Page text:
YANGON, Myanmar — Pope Francis landed in Myanmar, and in a diplomatic minefield, on Monday.
In his first visit to the country — and his first to any majority-Buddhist nation — the pope met with Senior General Min Aung Hlaing, commander in chief of Myanmar’s military, which has driven more than 620,000 Rohingya Muslims out of the country in what the United States has called a campaign of ethnic cleansing.
The pope is scheduled to meet Tuesday with Aung San Suu Kyi, the Nobel Peace Prize laureate and de facto leader of the government, who has been widely criticized as complicit for her silence in the face of the slaughter.
In Myanmar, the pope will seek to strike a careful balance by maintaining his moral authority without endangering his tiny local flock.
The United Nations, the United States, and others have denounced the murder, rape, and pillaging of the Rohingya in western Myanmar, but the pope has been advised by the Roman Catholic Church here not to utter the word Rohingya, for fear of aggravating the situation or of being exploited for domestic politics.
Despite the criticisms of Suu Kyi, the pope’s allies have urged him to lend her his support — and, they hope, political strength — as the country’s best chance to prevent a backslide into absolute rule by the military.
The constitution, written by the military, puts the armed forces out of her control. And the military has enough support in Parliament to prevent any changes that could loosen the grip on power held by Min Aung Hlaing, who has ambitions to run the country.
So for Francis, his first meeting here with the general, which was added at the last minute, might well be the more important one.
“It’s smart to meet the commander in chief first, because he is very important and the principal person to solve this challenge facing our country,” said Yan Myo Thein, a political analyst in Yangon, Myanmar’s main city.
According to the Vatican, the meeting with the general and top commanders from the Bureau of Special Operations lasted about 15 minutes and was a “courtesy visit” at the residence of the local archbishop, where Francis is staying.
Greg Burke, the Vatican spokesman who is traveling with the pope, said they had discussed “the great responsibility of the country’s authorities in this moment of transition.”
The pope then gave the general a medallion commemorating his visit. The general gave the pope an ornate rice bowl and a harp in the shape of a goat.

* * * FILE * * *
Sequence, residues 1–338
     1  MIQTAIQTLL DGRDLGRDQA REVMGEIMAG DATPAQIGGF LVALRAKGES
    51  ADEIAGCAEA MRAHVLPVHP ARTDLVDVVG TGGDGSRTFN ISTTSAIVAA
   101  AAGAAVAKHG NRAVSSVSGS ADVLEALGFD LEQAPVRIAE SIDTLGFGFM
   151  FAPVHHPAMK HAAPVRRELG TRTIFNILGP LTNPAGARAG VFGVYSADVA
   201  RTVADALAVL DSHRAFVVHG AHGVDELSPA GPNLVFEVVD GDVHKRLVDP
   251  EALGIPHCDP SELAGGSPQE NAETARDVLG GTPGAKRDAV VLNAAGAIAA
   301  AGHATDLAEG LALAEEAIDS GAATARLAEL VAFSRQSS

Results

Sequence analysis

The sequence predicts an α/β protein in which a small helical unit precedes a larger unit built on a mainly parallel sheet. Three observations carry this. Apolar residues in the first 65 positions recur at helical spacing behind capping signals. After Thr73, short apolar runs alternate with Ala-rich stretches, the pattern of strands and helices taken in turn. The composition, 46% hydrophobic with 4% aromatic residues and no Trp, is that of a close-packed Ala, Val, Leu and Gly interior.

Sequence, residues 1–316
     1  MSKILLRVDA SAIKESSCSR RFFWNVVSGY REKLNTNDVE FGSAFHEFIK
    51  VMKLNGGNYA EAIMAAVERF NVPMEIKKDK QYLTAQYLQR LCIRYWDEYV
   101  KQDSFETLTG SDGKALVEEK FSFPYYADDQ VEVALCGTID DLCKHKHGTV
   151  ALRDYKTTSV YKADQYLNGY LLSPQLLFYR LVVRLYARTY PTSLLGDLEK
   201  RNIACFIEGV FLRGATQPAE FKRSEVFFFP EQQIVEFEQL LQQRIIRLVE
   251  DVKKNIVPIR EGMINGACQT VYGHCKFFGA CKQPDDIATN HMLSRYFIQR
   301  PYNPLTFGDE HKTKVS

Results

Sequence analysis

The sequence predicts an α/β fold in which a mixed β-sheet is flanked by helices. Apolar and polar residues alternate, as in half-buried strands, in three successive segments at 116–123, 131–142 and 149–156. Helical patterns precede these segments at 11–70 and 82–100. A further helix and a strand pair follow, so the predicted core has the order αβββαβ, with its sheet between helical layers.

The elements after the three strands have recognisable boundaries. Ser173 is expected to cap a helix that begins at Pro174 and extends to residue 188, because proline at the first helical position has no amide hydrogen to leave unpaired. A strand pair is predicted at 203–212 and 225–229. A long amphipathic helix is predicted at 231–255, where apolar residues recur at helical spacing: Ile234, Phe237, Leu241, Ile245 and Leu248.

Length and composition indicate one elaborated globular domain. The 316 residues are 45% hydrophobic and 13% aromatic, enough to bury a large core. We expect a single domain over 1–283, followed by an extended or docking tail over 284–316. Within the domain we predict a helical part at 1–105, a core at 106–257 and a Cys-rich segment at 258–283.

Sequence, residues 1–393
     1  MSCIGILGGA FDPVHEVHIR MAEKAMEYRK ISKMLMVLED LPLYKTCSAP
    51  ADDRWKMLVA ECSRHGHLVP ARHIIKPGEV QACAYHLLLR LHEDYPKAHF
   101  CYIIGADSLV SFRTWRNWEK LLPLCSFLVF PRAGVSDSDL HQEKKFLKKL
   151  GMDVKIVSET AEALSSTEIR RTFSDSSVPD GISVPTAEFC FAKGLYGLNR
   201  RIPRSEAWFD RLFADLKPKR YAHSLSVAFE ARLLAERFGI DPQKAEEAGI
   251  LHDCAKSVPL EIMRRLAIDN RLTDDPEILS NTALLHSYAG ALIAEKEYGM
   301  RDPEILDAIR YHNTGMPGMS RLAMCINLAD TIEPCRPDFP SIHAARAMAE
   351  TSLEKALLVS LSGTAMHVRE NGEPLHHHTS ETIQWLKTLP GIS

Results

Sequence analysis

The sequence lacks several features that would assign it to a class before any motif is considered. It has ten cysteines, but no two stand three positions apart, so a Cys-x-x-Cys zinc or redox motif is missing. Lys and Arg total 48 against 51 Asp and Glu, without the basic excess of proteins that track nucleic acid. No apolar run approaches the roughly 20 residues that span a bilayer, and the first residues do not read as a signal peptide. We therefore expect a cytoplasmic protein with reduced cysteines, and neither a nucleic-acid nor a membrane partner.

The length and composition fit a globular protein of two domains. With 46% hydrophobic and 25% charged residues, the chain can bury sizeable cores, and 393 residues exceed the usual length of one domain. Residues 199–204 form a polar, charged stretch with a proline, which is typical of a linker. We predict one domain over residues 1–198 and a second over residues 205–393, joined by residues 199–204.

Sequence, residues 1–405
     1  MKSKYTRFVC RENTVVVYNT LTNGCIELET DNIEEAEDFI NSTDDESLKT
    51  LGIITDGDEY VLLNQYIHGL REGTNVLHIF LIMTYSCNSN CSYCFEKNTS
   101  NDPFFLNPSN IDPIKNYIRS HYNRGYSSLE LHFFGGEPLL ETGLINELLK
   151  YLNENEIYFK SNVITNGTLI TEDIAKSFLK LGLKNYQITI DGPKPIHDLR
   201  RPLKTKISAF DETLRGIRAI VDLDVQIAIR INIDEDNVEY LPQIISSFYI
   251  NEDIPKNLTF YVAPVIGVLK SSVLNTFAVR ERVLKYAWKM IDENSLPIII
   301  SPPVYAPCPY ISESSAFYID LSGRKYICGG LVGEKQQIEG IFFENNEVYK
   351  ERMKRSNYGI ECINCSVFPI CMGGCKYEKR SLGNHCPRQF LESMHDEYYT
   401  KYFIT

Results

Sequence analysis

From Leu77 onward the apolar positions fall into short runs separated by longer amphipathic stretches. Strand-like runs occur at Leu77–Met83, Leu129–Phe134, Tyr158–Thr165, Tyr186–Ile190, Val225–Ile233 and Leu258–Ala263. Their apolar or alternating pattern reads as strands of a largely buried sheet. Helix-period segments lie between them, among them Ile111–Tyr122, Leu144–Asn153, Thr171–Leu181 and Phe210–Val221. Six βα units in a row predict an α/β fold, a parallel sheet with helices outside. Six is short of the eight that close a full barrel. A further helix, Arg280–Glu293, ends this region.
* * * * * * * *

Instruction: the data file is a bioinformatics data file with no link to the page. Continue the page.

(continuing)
The timing of the meeting suggested that the pope was mindful of the egos and agendas that he must navigate without making a misstep that could endanger Myanmar’s 700,000 Catholics, who make up about 1.3 percent of the population.
Upon arriving in Yangon, Francis was greeted on the tarmac by Cardinal Charles Maung Bo, the city’s archbishop, followed by local bishops and a delegation of children in traditional clothing.
As he left Yangon Airport in a Toyota Mark II Grande sedan, Francis rolled down the window to wave at hundreds more children cheering, “Viva, Papa” next to curious backpackers and wary security officials.
The surrounding streets were lined with young people in white T-shirts and yellow hats with the trip’s official emblem, a heart under the motto “Missionary of Love and Peace.” Some waved Vatican flags and had its yellow-and-white colors painted on their cheeks.
Those crowds thinned, though signs on lampposts extended “A Heartiest Welcome to the Holy Father Pope Francis, Missionary of Love and Peace.”
In a certain sense, the trip may be a needless headache for Francis.
After a visit to India fell through, Myanmar filled a hole in the pope’s schedule. The trip was meant in part to celebrate and solidify the diplomatic relations between the Vatican and Myanmar established during Suu Kyi’s stop at the Holy See in May.
As the onetime darling of the humanitarian community and democracy activists, Suu Kyi was already starting to come under criticism at that time for the poor treatment of the Rohingya. The situation has since deteriorated, and her reputation has sunk as she has failed to confront a military crackdown on the Rohingya — or “those who have crossed over to Bangladesh,” as she has called them.
The church’s leaders in Myanmar, especially Bo, whom Francis elevated in 2015, have argued that the pope must invest in Suu Kyi, as she is perhaps the country’s last, and best, chance to proceed on a road to democracy and the protection of civil rights.